Good luck on the rest of the challenge! We’re doing “I’ve Got The Music In Me” this year on The Road We’ve Shared. – looking at how important music is in the Down syndrome community. I hope you’ll stop by and see/hear! http://theroadweveshared.com/category/a-to-z-blogging-challenge-2016

    Reply
  3. Mitch Mitchell

    You know my position on titles, aka headlines. I hate misleading titles, titles that don’t deliver what’s promised, and obvious clickbait that has nothing to do with the topic of an article. I admit that most of the time I’m bad at titling things… so there’s no way I’m even bothering with trying to come up with more than one title most of the time. lol
    Mitch Mitchell recently posted…There’s Power In Positivity – By Kelvin RingoldMy Profile

    Reply
    • HollyJahangiri

      Well, the good news is, psychology doesn’t apply to search engines. So if you can’t get clever, just opt for meaningful.

      Reply
  4. fim

    It’s interesting, but I often use a headline (subject line?) that is a title of song, or lyrics from the same, though it usually is connected, in some way. But I’ve also used strange word/non-words, in my subject. I don’t know if it gets me more views, or reads, but it entices me LOL

    Good idea, when I have the time, to look for headlines.

    Reply
    • HollyJahangiri

      If amusing yourself is the primary goal, you’re rockin’ it! LOL I think if you can be genuinely YOU – AND apply some of the psychology here – you’ll hit on your own winning formula. But there is some science behind why these “click-baity” headlines work, and why clever doesn’t always win the day. NOT that I’d ever urge anyone to adopt a 100% click-baity, non-clever, PsyOps approach to blogging. First, it would annoy the fool out of most of our readers. Second, we’d get bored with it, ourselves, soon. Leave it to those sites we love to hate, even as we can’t stop our twitchy index fingers from clicking. But it never hurts to KNOW this stuff and add it to the toolbox.

      Reply
  5. Alicia Butcher Ehrhardt

    I find most of my titles have the basics; but then the headline/title itself can be manipulated into just six words, or three important ones, an article or two, and then three more important words.

    It’s worth looking at a headline with the ‘rules’ in mind to see if you can’t improve it a bit.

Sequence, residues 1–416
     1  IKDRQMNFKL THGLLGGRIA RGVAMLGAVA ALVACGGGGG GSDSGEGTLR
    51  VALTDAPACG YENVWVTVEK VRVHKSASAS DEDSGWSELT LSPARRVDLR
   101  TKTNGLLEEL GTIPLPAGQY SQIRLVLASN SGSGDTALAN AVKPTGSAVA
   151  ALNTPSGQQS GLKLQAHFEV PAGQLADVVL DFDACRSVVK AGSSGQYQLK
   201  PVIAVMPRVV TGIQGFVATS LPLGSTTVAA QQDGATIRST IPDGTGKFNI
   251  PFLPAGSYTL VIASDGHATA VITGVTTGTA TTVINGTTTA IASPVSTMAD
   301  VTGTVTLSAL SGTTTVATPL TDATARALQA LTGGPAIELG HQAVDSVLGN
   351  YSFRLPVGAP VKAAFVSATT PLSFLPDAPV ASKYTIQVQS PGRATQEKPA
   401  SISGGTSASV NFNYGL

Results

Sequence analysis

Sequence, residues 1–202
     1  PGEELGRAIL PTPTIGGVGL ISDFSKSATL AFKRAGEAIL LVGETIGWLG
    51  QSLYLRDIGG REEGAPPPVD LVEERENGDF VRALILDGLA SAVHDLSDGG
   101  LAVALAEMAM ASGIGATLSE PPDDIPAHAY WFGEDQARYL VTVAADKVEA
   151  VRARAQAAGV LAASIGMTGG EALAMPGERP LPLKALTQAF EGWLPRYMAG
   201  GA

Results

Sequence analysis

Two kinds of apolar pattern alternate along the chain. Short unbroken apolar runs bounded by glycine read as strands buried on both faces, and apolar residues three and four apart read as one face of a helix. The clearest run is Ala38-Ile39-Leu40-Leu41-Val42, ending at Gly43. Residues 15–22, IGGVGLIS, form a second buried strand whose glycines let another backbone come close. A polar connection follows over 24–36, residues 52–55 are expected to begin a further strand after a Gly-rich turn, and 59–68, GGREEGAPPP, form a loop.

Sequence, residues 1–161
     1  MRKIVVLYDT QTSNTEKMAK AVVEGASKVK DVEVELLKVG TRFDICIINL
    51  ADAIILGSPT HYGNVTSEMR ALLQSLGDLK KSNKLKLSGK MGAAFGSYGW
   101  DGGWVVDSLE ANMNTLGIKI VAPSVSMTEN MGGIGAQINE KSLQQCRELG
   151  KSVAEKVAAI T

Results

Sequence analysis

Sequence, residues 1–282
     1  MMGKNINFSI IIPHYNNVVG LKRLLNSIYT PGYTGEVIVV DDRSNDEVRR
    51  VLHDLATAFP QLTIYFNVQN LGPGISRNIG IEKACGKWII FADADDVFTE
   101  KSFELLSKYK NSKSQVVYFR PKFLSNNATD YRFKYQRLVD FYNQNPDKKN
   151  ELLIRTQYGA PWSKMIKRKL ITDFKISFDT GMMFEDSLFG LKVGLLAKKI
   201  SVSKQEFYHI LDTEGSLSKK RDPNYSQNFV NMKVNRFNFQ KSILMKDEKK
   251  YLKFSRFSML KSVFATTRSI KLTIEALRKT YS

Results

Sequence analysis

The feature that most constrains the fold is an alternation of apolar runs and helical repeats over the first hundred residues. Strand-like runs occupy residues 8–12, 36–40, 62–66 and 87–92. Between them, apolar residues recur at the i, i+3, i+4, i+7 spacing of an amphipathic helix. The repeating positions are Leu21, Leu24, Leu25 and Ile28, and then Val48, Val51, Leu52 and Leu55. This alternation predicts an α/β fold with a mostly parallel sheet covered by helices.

I also remember to think as someone who doesn’t know the content of the post: does this title tell them what to expect, or do I need to put some nouns in there.

    It doesn’t take long to take your placeholder and spiffy it up a bit.
    Alicia Butcher Ehrhardt recently posted…One way to read Pride’s Children for free: KOLLMy Profile

    Reply
    • HollyJahangiri

      That’s right! Thanks, Alicia. I know many of us have an urge to rebel against the “science” in favor of the title we WANT to put on a post (or a book) and sometimes we SHOULD win that argument in the name of art. But sometimes, when the art isn’t the focus, we should consider using all the “tricks” in the book. I mean, I HATE it that I can’t resist the compulsion to click those obviously click-baity headlines. But then again…

      I figure it’s not just me! 🙂
      HollyJahangiri recently posted…Checklist for Blogging: 27 Steps to a Winning Author PlatformMy Profile

      Reply
  6. Julian Wang

    Thanks for the titles, But only title is not enough you should add image to get attention of the readers.

    http://jahangiri.us/2013/images-motivate-readers-to-share/

    Along with this try to find out best timing for your tweet. So you can get maximum audience for your blog post.

    You can also try : http://coschedule.com/headline-analyzer to generate seo friend title for your blog post. 🙂
    Julian Wang recently posted…Easy Way To Switch Chromecast WiFi networkMy Profile

    Reply
    • HollyJahangiri

      Hmm. Current headline scores a 61. “Psychotic, Sexy Images Motivate Readers to Share” would score a 67. If you ever wonder what folks are doing wrong in social media, it’s probably trying too hard to game an algorithm.

      Reply